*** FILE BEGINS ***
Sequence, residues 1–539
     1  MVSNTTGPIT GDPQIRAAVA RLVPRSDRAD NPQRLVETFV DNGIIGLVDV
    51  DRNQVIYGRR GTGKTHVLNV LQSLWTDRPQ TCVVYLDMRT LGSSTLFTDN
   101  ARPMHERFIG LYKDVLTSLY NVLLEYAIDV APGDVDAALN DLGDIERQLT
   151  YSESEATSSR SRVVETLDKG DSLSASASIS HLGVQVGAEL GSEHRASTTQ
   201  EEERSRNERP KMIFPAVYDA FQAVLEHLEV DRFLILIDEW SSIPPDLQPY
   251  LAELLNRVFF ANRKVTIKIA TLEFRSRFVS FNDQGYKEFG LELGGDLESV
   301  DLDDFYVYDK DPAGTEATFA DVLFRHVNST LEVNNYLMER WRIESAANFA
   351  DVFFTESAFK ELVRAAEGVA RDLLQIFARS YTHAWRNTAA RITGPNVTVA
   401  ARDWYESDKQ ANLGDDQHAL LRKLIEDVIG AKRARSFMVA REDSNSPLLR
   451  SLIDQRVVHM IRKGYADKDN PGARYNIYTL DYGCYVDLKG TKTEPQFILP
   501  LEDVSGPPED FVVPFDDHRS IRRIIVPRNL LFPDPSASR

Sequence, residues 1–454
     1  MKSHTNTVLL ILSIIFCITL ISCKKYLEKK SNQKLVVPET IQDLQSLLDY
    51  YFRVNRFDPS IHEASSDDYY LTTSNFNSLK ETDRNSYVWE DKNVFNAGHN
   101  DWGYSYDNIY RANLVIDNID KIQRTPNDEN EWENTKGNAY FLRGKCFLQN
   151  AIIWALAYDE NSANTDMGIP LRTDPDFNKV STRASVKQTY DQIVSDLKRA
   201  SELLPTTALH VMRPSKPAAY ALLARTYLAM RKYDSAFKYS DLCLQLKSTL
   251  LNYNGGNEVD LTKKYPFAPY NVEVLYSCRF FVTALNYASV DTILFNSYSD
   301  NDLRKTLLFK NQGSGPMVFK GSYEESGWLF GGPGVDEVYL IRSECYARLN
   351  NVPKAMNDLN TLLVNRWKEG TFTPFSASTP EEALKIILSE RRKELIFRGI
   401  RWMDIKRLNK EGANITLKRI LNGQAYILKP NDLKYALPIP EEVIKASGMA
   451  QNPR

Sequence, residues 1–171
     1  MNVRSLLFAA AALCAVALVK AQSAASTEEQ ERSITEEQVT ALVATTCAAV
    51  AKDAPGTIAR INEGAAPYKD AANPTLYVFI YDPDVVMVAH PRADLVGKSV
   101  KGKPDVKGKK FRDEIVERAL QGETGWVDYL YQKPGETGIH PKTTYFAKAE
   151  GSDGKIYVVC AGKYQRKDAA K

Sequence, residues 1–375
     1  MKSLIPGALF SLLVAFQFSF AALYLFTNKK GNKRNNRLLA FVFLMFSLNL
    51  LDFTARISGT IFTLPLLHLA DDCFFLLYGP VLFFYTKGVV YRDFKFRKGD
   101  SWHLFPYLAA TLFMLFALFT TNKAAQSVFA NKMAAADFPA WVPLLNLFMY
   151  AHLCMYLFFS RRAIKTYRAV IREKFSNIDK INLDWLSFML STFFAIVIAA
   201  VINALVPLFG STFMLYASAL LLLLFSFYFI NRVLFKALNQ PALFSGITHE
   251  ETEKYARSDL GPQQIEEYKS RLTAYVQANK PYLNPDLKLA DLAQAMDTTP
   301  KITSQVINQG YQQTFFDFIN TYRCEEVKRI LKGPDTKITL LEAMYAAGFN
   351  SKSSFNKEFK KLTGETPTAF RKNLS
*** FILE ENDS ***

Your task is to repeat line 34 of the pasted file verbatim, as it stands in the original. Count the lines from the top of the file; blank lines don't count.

   201  VINALVPLFG STFMLYASAL LLLLFSFYFI NRVLFKALNQ PALFSGITHE